Dennis R. Howard
The extent to which American adults reported participating in selected sport and fitness activities over the past decade was examined. Data were obtained from Simmons Market Research Bureau, Inc., which produces annually the largest and most representative measure of adult sport, recreation, and fitness participation in the United States. Despite optimistic projections for sustained growth in participation rates by sport and fitness industry representatives, trend analysis revealed that participation in all but one of the activities examined had declined substantially. For each of the sport and fitness activities analyzed, active participation was confined to a very small percentage of the total adult population. Participants were divided into three segments (light, medium, and heavy) based on the frequency of their participation. Segment analysis supported the core/fringe concept—a small, active core of heavy users accounted for the majority of total participation volume, particularly in sport activities. Analysis of gender differences found female representation as a proportion of total participation declined substantially over the decade in racquetball, tennis, and jogging. Implications for professional practice and suggestions for future research are discussed.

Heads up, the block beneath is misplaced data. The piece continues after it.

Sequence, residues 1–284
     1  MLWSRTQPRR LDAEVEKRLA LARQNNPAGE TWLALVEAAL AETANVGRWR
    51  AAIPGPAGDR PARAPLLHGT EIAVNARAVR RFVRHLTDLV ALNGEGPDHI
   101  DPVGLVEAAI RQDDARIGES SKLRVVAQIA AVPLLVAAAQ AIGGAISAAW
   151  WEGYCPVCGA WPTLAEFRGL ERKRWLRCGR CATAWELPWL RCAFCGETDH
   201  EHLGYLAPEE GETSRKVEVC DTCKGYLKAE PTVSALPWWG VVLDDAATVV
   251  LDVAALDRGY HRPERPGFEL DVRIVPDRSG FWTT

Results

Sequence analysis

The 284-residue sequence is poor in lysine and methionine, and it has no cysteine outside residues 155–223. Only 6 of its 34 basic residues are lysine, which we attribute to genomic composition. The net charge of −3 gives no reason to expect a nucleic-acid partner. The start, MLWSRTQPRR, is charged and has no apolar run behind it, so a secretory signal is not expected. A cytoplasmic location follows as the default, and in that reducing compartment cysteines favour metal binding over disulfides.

Diane L. Gill, Ronald G. Morrow, Karen E. Collins, Allison B. Lucey and Allison M. Schultz